A 31-year-old Australian flew to Malaysia for a plastic surgery package in Malaysia. Less than 24 hours after getting back home to Melbourne, he died.
Leigh Aiple was overweight and self-conscious about it, so he decided to pay over $35,000 for plastic surgery at the Beverly Wilshire Clinic in Kuala Lumpur, ABC reports. His grieving mother, Grace Westworth, asked a coroner to investigate what happened to her son, saying,
I don’t want anyone else to risk it.
Caitlin English, coroner, found that the care and treatment Aiple had received was well below Australian standards. English added that this case emphasizes the need for people to be aware of the risks they take when they go abroad for medical treatment. She said, “The Australian medical tourist will not necessarily be aware of the difference in standards of medical practice and management of patient care.”
Gorgeous Getaways, a New Zealand-based medical travel agency, claimed that the Malaysian clinic is “a boutique medical centre” with “highly skilled specialists.”
Aiple wanted an extreme makeover. In 2014, he underwent two surgeries in five days, which included a 360 degree tummy tuck, extensive liposuction, an upper eye lift, a chin tuck, a thigh lift, chest sculpting and lip filler. The first surgery alone took 8-10 hours.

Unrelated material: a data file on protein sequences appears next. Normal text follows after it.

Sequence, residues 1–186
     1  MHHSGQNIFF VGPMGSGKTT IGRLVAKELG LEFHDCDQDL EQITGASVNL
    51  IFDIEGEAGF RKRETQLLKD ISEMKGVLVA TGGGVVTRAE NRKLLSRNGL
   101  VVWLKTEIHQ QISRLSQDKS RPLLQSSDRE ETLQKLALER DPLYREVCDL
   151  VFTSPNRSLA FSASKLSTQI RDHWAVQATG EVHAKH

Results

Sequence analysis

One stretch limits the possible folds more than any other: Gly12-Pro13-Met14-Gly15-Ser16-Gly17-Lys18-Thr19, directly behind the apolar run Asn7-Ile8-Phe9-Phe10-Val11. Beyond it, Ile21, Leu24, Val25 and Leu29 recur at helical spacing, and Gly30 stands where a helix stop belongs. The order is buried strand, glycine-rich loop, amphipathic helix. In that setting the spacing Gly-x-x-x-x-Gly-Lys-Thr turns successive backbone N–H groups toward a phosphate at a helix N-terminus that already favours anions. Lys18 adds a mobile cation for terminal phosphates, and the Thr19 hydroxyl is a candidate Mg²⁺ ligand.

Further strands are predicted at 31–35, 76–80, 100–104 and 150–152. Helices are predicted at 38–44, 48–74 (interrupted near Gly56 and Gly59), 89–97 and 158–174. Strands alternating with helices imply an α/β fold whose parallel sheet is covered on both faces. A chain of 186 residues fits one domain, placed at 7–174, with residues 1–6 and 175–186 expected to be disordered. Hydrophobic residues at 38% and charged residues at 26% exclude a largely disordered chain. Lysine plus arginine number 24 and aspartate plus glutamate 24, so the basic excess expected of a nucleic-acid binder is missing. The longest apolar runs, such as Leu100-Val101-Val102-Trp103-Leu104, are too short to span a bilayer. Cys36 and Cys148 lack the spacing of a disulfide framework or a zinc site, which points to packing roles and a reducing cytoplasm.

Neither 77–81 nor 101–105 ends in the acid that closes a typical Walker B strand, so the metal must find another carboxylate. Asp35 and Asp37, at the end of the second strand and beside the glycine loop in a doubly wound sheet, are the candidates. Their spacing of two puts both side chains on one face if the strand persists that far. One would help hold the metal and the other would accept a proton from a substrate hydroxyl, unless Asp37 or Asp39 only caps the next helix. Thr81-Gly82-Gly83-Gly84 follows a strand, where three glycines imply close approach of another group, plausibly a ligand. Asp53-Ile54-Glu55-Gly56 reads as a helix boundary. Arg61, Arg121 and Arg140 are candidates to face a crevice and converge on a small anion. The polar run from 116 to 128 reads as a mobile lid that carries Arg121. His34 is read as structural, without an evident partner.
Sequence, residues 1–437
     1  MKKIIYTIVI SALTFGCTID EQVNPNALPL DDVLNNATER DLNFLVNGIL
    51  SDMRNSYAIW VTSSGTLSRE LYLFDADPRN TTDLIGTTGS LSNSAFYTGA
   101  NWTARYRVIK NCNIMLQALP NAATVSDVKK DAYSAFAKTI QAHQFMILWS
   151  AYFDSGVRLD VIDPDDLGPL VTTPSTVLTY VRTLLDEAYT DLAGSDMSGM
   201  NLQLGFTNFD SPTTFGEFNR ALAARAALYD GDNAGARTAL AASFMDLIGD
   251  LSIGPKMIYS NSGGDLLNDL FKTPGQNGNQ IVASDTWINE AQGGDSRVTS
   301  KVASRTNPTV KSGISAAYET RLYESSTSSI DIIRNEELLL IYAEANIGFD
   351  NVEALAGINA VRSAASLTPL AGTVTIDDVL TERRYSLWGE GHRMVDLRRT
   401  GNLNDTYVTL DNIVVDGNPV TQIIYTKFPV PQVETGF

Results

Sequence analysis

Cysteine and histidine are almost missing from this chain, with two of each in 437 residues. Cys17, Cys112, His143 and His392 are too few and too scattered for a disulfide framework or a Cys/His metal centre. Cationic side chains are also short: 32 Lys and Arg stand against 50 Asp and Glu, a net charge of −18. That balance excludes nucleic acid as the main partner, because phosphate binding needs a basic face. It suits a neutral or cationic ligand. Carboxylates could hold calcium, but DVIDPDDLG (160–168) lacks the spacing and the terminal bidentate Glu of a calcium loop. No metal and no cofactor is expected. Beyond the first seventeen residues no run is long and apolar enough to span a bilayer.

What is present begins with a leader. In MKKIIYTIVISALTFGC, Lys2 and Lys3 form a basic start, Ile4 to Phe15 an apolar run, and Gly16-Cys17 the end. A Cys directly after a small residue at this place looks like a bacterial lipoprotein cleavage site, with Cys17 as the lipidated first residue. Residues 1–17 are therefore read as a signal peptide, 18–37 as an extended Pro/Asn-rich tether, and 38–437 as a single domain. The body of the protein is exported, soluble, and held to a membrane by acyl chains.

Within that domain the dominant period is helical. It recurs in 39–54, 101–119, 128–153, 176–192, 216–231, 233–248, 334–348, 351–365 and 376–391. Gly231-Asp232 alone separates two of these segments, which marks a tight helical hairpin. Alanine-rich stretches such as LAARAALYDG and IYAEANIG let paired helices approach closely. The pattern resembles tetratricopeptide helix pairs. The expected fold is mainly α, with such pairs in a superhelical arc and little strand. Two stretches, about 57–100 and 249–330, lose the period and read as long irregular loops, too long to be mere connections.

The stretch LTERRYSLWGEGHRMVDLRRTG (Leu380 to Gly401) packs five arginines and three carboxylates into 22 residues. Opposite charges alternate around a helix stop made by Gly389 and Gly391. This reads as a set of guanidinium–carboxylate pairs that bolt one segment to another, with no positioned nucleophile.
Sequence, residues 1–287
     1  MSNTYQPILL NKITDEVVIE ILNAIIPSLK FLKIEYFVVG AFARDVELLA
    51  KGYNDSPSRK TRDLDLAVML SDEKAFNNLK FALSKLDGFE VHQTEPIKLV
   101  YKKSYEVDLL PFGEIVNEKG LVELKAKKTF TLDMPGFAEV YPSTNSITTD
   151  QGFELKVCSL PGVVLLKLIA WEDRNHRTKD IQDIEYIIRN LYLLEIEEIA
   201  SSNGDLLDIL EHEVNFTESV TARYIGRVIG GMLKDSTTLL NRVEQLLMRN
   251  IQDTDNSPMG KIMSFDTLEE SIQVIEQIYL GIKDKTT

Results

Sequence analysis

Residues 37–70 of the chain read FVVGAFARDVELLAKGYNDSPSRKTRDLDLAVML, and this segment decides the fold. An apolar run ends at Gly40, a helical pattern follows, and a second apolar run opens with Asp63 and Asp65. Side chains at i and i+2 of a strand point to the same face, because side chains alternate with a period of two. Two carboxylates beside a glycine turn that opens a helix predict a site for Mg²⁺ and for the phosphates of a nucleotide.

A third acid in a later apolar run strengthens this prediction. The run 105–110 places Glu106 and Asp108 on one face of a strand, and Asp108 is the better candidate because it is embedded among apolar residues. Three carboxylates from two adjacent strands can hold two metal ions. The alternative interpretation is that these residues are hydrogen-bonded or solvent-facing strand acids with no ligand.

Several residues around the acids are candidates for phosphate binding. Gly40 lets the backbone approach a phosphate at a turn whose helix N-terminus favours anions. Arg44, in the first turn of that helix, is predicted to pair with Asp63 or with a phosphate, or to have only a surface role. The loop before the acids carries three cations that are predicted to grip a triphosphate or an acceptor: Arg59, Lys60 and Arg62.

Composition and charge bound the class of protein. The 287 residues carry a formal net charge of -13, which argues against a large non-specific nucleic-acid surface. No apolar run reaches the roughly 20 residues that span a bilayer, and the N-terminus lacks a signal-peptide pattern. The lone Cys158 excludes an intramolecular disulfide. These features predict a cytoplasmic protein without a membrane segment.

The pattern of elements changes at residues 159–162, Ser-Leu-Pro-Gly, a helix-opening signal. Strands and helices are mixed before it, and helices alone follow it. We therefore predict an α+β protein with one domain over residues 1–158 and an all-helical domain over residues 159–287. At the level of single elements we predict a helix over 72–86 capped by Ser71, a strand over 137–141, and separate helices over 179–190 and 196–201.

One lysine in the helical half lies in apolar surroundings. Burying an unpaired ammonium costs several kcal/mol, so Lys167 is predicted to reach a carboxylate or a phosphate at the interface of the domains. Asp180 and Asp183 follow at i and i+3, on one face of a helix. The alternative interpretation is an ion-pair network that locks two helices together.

Westworth said, “He couldn’t move, he couldn’t stand or roll out of bed after the first surgery.”
Aiple complained to his mother that he was short of breath, had a rapid heartbeat and was fainting. But five days later, he was given the green light to fly home even after his wounds, which had re-opened, were treated.
Westworth described, “He came off that plane in a wheelchair, I said: ‘How are you Leigh?’ He said: ‘Horrid — I am in so much pain, I can’t describe the pain.’” Westworth found Aiple collapsed in his bedroom the next morning. He died shortly afterward.
Mark Ashton, president of the Australian Society of Plastic Surgeons and former head of plastic surgery at the Royal Melbourne Hospital, reviewed the coroner’s investigation. The report stated that several open wounds were oozing fluid, that care workers found Aiple in pain in his hotel room, with the sheets covered in blood.
Ashton said that Aiple would have been treated as a “high-risk” patient in Australia, not moderate risk, as classified by Malaysian doctor Nasir Zahari.
Aiple died due to deep vein thrombosis (DVT), when a blood clot in his legs moved to his lung. DVT is often linked with flying. Ashton noted that the autopsy showed the clots happened weeks before Aiple’s plane trip, while he was undergoing surgery.
Ashton said, “Having surgery overseas comes with significant risk as it comes with no guarantee as to the standard of care you will receive. You are taking a bet. There is no such thing as an international standard.”